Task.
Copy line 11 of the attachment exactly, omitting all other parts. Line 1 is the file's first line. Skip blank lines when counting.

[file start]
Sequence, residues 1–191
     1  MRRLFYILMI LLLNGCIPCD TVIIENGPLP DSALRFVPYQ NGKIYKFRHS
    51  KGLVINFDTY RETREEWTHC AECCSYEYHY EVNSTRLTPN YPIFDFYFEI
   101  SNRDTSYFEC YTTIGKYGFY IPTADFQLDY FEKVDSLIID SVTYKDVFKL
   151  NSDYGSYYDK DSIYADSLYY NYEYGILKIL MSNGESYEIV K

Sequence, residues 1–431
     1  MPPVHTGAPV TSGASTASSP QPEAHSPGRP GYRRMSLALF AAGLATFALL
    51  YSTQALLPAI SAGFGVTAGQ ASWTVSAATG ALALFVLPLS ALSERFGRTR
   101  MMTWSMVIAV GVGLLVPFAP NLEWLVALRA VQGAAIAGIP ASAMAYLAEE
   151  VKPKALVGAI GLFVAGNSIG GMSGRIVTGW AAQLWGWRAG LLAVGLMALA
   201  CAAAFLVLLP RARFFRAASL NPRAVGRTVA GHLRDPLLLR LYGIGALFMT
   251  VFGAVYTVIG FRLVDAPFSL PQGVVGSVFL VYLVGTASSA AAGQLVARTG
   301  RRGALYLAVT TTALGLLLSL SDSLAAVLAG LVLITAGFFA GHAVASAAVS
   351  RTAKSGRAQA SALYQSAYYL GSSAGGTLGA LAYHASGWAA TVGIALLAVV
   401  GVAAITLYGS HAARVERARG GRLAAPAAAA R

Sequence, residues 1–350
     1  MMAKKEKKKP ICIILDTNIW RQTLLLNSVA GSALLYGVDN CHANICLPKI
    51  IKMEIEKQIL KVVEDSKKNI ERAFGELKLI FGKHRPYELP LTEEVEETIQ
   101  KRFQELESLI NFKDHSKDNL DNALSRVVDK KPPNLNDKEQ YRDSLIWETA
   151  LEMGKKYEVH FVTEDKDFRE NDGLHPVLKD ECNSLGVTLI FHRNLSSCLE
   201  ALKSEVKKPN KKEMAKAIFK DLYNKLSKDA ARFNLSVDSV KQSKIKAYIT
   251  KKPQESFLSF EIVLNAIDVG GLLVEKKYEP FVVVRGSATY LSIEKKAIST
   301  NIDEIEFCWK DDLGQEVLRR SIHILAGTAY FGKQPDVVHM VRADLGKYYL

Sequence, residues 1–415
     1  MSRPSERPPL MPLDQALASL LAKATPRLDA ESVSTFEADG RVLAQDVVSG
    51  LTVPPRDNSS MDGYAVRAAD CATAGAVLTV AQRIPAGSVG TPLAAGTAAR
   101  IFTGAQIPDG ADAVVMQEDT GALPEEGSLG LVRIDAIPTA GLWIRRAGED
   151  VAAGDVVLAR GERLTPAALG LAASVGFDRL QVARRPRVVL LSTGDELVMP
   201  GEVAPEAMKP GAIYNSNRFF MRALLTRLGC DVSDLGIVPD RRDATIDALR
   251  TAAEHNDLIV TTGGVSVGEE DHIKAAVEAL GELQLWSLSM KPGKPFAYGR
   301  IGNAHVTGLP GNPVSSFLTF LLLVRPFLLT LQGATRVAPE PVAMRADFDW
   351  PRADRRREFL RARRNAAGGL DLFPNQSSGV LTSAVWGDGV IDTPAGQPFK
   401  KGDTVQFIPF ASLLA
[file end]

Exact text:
   201  CAAAFLVLLP RARFFRAASL NPRAVGRTVA GHLRDPLLLR LYGIGALFMT